Meet A Doctor Who Refuses to Stop Prescribing Opioids to Pain Patients
Pain patients from across the country who say they can't get the treatment and medication they need in their home states are flocking to a boundary-pushing pain specialist based in West Covina, California.
The problems these patients face stem from the opioid addiction and overdose crisis, which results in as many as 91 deaths a day in America, according to the Centers for Disease Control and Prevention (CDC). The media and government have dubbed this problem the "opioid epidemic," and law enforcement agencies have reacted accordingly. Physicians are routinely arrested for overprescribing and running so-called "pill mills," and some states have filed lawsuits against pharmaceutical manufacturers. In 2016, the DEA clamped down on painkillers, reducing the allowed production of opioid medications by 25 percent or more. This year, the CDC issued guidelines advising avoid prescribing high doses over 90 morphine milligram equivalents.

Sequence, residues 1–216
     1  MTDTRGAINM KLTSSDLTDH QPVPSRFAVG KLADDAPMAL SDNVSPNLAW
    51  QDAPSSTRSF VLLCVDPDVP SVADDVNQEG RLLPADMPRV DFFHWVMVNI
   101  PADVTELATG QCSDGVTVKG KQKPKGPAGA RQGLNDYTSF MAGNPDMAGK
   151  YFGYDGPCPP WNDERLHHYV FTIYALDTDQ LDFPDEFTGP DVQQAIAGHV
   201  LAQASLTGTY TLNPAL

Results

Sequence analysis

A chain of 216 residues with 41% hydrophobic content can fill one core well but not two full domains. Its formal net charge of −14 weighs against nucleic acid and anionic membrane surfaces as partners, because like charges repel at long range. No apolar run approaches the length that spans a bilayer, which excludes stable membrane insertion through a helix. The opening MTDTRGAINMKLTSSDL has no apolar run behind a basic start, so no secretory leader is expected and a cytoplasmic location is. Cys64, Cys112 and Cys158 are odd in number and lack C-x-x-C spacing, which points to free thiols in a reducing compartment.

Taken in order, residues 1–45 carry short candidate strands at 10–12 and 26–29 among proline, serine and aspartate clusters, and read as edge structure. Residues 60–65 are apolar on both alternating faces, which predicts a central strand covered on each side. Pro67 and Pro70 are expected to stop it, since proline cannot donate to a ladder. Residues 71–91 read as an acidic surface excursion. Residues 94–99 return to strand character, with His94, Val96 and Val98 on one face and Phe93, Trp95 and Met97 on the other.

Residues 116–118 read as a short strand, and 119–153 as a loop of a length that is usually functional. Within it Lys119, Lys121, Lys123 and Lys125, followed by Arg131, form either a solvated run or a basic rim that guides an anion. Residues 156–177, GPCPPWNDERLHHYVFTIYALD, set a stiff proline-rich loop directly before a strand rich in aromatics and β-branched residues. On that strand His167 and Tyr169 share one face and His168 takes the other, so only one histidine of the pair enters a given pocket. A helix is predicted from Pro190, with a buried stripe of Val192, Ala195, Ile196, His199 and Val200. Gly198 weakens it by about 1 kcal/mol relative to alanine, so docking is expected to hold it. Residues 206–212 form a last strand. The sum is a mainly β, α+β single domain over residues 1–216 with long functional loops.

Many physicians have even begun to adjust the way that they think about pain.
In a New England Journal of Medicine article, one of the pain specialists advising the CDC recommended that pain patients "use coping and acceptance strategies that primarily reduce the suffering associated with pain and only secondarily reduce pain intensity." That opioids are never an effective chronic pain treatment is quickly becoming conventional wisdom, and the American Medical Association has even begun to advise physicians to abandon the pain rating scale when assessing patients.
"I take the Hippocratic oath seriously, that my job is to relieve pain and suffering," says Dr. Forest Tennant. "So when I see the AMA decide that they're not going to assess pain, I'm not with them."